All of us have seen them.  Veiled women.  The calling card of Islam.

Well, that’s not exactly true.  Almost every religion has women within it that chose to wear a head covering of some sort.  Read 1 Corinthians 7 and it is clear that was even an accepted practice in the early church.

Still, in our world where women seem to be wearing less and less, a woman who would choose to cover up her body or even her face is a bit out of the ordinary.

Maybe that’s the point.

In fact, as we come to today’s reading we find that this is exactly the point.

Tell believing women that they should lower their eyes, guard their private parts, and not display their charms beyond what [it is acceptable] to reveal; they should draw their coverings over their necklines and not reveal their charms except to their husbands, their fathers, . . . [etc.] . . . such men who attend them who have no such desire. (24:31)

First, some definitions.  There are two main head coverings in Islam with different names used in different places.  First, the hijab is a veil that covers the head, and then is loosely draped around the neck.  The face is fully visible.  This is the covering most common in western countries.  Non-Muslim women will sometimes don the hijab when in predominantly Islamic countries out of respect for that culture.

Second, the niqab is a veil that not only covers the head and neck but also the face.  Some have an uncovered slit that exposes only the eyes, while others have a modest lace screen in this area so sight is possible but so that the appearance of the woman’s eyes is still obscured.  It is the niqab that has become so controversial in western countries, even having been outlawed in France recently because of the fear that it obscures the identity of the wearer so much so that national security is at risk.

The hijab is usually worn with any outfit deemed to be modest.  The niqab is usually paired with a black or blue cloak known as a burqah that extends almost to the ground and generally obscures the figure of the woman as well.

Many non-Muslims view the veil as a symbol of subjugation and oppression.  No doubt that may be the case in some situations, especially where women are forced to dress in this manner.  Some Muslim women who reject the veil object that the veil places upon the woman the responsibility to curb the male propensity toward lust; really this is a problem inside the man so he should deal with it and not make the woman a slave to his inappropriate passions.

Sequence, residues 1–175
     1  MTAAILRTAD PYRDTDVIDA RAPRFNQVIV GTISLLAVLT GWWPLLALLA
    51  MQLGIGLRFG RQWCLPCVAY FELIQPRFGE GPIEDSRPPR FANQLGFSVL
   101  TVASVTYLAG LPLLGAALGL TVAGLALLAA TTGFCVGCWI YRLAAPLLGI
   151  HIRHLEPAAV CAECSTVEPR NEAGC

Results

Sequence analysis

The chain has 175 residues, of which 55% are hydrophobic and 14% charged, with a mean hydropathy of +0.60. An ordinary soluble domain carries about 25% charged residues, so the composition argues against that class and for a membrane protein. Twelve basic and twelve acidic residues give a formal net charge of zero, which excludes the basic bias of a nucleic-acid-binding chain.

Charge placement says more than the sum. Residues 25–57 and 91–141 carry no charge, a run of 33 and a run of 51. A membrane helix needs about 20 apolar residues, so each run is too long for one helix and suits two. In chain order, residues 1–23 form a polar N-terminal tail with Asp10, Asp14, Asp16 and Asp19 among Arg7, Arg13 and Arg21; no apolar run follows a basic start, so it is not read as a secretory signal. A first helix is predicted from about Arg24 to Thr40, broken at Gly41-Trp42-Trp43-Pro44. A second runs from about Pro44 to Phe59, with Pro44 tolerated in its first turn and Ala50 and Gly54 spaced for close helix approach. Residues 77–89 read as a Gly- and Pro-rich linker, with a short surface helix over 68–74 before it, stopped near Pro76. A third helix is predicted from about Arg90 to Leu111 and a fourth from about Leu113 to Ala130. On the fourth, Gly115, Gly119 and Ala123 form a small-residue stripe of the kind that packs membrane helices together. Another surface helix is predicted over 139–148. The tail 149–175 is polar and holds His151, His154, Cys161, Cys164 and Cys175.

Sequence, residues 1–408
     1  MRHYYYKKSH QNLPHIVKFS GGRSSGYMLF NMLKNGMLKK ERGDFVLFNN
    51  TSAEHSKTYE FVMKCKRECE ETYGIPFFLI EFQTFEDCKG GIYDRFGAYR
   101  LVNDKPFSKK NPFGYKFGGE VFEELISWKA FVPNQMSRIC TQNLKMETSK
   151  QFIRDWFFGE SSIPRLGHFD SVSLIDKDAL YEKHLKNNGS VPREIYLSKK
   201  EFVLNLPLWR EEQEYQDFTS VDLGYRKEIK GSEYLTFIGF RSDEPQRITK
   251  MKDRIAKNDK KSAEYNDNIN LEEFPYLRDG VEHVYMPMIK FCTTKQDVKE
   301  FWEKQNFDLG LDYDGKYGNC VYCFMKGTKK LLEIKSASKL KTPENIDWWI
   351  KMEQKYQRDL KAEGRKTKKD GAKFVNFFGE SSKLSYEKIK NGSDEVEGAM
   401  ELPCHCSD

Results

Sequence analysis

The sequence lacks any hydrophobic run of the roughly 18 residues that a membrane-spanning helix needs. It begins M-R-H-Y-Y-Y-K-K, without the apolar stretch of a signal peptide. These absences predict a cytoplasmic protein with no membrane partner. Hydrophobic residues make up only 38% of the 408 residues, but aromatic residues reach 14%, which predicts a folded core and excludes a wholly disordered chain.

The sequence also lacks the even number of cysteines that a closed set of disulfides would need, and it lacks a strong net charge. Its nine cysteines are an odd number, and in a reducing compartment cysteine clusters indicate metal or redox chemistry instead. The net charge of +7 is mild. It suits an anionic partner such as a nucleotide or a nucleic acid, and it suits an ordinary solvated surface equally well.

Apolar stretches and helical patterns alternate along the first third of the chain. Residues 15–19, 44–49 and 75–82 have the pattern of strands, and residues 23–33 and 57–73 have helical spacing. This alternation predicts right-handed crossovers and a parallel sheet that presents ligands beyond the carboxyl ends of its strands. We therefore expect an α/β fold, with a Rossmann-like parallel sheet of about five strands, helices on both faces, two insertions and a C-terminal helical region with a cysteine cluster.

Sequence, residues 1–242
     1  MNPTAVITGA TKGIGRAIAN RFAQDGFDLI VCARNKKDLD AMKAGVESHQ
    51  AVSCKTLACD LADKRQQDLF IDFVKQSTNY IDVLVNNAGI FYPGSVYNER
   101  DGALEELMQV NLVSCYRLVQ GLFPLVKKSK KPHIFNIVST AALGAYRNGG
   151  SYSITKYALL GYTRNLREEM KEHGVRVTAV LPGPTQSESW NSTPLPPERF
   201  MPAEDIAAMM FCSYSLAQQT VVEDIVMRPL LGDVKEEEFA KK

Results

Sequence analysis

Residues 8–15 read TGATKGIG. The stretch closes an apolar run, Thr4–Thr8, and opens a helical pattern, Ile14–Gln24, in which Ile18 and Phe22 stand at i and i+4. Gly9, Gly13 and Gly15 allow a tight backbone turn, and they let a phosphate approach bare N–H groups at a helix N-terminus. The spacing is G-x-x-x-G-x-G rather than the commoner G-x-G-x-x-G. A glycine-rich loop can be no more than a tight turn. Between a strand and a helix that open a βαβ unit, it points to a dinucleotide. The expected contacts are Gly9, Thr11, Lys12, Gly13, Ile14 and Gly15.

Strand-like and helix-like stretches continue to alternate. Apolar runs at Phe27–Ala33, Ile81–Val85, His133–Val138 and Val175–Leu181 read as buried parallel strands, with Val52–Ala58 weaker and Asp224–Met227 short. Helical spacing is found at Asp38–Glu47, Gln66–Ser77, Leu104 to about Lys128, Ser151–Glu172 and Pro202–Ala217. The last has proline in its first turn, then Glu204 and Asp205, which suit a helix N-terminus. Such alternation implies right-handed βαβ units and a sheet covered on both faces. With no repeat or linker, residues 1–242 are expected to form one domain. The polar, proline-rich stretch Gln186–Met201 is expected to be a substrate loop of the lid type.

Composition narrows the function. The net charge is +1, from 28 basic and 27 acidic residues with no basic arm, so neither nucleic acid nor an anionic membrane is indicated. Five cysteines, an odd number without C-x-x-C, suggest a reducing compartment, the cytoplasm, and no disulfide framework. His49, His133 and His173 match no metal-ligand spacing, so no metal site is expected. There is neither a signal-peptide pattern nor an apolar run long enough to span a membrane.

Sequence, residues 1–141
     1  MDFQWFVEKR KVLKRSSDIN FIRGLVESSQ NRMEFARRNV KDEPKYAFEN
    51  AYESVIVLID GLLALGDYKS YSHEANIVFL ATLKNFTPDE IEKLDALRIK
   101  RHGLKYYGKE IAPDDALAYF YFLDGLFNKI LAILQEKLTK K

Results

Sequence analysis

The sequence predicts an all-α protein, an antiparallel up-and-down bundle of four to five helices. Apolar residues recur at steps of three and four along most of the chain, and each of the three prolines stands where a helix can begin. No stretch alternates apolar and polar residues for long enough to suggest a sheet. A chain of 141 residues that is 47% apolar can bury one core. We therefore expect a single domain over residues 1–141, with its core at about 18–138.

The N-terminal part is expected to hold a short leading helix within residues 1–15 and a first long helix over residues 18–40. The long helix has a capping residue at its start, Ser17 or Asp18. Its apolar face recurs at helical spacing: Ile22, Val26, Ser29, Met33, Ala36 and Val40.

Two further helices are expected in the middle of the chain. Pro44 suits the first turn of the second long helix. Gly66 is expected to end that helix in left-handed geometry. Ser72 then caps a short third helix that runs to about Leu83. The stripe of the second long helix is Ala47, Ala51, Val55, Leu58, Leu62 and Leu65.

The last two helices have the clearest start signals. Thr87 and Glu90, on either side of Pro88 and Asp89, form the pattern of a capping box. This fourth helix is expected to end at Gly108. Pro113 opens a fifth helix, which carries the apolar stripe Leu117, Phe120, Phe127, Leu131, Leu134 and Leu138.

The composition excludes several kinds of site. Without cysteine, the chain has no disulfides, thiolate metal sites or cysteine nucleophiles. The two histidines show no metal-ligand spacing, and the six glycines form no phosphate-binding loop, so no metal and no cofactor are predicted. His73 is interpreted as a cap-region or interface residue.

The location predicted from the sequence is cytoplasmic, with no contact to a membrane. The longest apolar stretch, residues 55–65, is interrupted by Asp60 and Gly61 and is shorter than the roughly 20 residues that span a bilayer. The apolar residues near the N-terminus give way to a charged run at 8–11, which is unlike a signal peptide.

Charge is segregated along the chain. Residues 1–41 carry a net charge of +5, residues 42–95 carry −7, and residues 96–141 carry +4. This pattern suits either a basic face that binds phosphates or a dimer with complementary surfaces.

In the West, though, the Muslim culture is such that the decision to wear the veil is given to the girl or woman.  It is a sign of acceptance of Islam and a code of modesty and submission to Allah, not a symbol of slavery.  As a former student of mine who began wearing a hijab when she left high school and began attending a respected Midwestern college said, the veil can be seen as a symbol of empowerment.  The woman now has control over who seems all of her beauty.  She is not a physical object out there in the world to be leered at and lusted over by every man with weak morals.  Her beauty is hers and her future husband’s.

That is precisely the spirit of the passage we come to today.  Modesty in dress — whether a veil or loose-fitting clothes or something else entirely — is becoming of godly women.  All of us are creatures of desire (24:31b), especially men it seems, so be mindful of this in how one dresses and carries oneself (which is probably what the “stamping of the feet” part is all about at the end of ayah 31, a plea to be looked at).

A Christian man and theologian that I know and respect, well versed in the world’s religions, asked this question recently to Christians about dress.  Why are we trying to dress more and more like the fashion models of Paris or Milan?  Why must our children sport the fashion of Justice for Girls or Aeropostale?  If Style magazine says this is the new “must-have,” why do we run like lemmings to buy it?  Should there be something distinctive about the dress of a person of God?  Maybe the full burqah or even a hijab is too much, but could it be that Islam has something to teach us here?

Do you see a bit of a difference?